Not only has All the President's Men become one of the most commercially successful political films in history, it has also had the greatest effect of any Hollywood film on changes within the politics of America. Released in 1976, during the Carter-Ford presidential campaign, All the President's helped to turn the tide in Carter's favor. Viewing the film upon its initial release in April 1976, Boston Mayor Kevin White remarked, “That film is going to have an effect on the election, it is powerful.” But can we really attribute Ford's defeat primarily to All the President's Was the film actually that powerful Ronald Reagan thought so. Reagan, who in 1976 was the governor of California, recognized the film's power, confessing that All the President's had indeed cost the Republicans the presidency.
All the President's brought to the surface all the implications of Watergate that the Republicans had tried hard to bury in the months leading up to the campaign. The film taught politicians a lesson they will not soon forget–a lesson about how far Americans will go in believing movies. When the release of the John Glenn homage The Right Stuff coincided with Democrat Glenn's 1984 presidential bid, 8 years after All the President's, the Republican Party became paranoid. We can attribute this reaction to the Republicans' unpleasant memories of how All the President's hurt them in 1976, having a massive effect on American votes and thus on the course of the entire nation. Screenwriter William Goldman went so far as to say that All the President's “just might have changed the entire course of American history.”
There's evidence to back up Goldman's claim: A variety of sociological studies have attempted to pinpoint the film's influence on voters in 1976. They suggest that the film functioned, at a crucial juncture in American history, to clarify the confusing, unprecedented events of Watergate for American citizens.
All the President's has become an historical document, an official version of the Watergate scandal. The film was made quickly after Watergate had ended, during the lingering aftermath of Nixon's resignation. Pre-production, on the part of Robert Redford, actually began during the Watergate trials. All the President's hit before the issue had the chance to become anything like dry textbook history. Americans were still trying to figure out all the ramifications of what had happened. New information about the extent of the Nixon administration's blunders, as well, was still surfacing day-by-day back in 1976.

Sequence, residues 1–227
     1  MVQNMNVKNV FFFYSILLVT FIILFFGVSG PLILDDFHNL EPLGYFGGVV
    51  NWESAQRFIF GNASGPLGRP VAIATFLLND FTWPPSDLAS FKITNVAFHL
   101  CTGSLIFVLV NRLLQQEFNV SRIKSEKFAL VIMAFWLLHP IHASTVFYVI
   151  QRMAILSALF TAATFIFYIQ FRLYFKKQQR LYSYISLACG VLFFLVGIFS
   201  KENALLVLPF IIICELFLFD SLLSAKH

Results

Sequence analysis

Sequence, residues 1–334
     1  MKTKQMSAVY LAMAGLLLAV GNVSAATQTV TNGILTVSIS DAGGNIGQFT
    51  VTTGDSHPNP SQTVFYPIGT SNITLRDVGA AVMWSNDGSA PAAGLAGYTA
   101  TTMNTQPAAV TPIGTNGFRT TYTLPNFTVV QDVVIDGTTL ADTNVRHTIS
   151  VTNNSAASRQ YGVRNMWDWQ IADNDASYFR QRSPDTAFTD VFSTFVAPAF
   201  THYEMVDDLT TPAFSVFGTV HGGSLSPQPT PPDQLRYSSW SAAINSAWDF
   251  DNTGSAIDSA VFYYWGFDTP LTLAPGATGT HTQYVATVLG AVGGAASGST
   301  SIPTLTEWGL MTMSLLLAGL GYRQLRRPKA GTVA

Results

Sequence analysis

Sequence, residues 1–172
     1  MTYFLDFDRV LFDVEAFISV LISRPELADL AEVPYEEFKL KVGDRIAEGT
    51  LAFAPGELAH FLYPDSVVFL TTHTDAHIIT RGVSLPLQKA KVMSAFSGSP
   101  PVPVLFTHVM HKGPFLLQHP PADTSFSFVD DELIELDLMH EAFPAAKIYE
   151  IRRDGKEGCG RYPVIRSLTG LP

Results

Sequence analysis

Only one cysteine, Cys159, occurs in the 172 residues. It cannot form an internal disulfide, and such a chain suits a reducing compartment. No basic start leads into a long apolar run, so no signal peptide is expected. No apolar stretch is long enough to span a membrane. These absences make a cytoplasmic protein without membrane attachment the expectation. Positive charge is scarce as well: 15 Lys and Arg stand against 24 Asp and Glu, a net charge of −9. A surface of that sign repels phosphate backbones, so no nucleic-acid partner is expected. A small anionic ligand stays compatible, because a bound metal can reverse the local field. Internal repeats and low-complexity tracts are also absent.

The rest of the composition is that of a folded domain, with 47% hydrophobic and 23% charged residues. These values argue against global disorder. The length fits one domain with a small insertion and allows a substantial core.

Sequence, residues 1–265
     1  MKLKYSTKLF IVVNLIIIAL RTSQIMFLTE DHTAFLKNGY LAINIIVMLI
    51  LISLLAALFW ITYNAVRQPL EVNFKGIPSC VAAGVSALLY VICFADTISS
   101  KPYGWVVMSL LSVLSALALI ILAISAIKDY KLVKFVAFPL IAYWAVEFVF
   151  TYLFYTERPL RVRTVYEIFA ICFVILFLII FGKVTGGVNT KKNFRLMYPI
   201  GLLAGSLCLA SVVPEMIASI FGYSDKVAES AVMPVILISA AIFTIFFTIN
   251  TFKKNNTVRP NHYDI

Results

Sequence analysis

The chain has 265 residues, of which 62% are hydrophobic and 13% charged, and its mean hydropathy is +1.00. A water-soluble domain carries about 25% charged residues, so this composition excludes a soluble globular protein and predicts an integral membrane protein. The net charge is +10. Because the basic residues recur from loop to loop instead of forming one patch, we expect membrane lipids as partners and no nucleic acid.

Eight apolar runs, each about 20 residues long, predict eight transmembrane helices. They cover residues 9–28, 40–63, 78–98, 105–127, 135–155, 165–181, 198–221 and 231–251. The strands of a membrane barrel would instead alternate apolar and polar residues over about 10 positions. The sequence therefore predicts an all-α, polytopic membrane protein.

Michael Robinson, in his study “American Political Legitimacy,” found out that Americans had already made up their minds about Watergate, and even thought they knew as much as they wanted to about Watergate, before the film's release. Yet Watergate was still really a fresh event. The storm of Watergate hadn't completely settled in the people's minds. At this moment, All the President's had a special way of summarizing, reinforcing and clarifying the current American experience, while pushing people further in their inclinations about Watergate. The film confirmed that what had happened was real, while solidifying the people's minds even more about the evils of “Big Government” and political corruption.
By 1976, as Robinson notes in his study “Public Opinion During the Watergate Crisis,” the level of governmental trust had decreased significantly, due specifically to the media coverage of Watergate. But All the President's sent the level of trust to an all-time low, as Elliot and Schenck-Hamlin show in their study of All the President's effect during the election year. The increase in political alienation that the film caused is what allowed Carter to win. Or was it really Robert Redford that won the election
The film was released on April 7, 1976, and did good business from the start. All the President's enjoyed a long run, which coincided with the election campaign, and thus secured Carter as president. Included in the film is footage of Representative Gerald Ford nominating Nixon at the 1972 Republican National Convention, which clearly associated Ford with Nixon as a Nixon dupe in 1976. Gerald Ford was an unwilling cameo star in a film that insured his failure. In a way, All the President's Men was a full-length Hollywood commercial against Ford's campaign. Subsequently, the very first film screened in the Carter Whitehouse was none other than All the President's.